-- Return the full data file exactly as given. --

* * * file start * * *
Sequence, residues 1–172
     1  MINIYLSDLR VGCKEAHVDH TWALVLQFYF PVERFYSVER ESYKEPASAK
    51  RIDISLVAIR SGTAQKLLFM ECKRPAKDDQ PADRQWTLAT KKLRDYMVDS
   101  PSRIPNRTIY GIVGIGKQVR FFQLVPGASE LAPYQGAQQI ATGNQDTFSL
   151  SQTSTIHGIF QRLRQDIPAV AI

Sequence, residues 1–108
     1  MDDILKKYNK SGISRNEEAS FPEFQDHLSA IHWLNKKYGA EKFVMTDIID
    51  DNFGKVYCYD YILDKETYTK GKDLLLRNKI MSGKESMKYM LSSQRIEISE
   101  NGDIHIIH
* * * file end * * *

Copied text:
Sequence, residues 1–172
     1  MINIYLSDLR VGCKEAHVDH TWALVLQFYF PVERFYSVER ESYKEPASAK
    51  RIDISLVAIR SGTAQKLLFM ECKRPAKDDQ PADRQWTLAT KKLRDYMVDS
   101  PSRIPNRTIY GIVGIGKQVR FFQLVPGASE LAPYQGAQQI ATGNQDTFSL
   151  SQTSTIHGIF QRLRQDIPAV AI

Sequence, residues 1–108
     1  MDDILKKYNK SGISRNEEAS FPEFQDHLSA IHWLNKKYGA EKFVMTDIID
    51  DNFGKVYCYD YILDKETYTK GKDLLLRNKI MSGKESMKYM LSSQRIEISE
   101  NGDIHIIH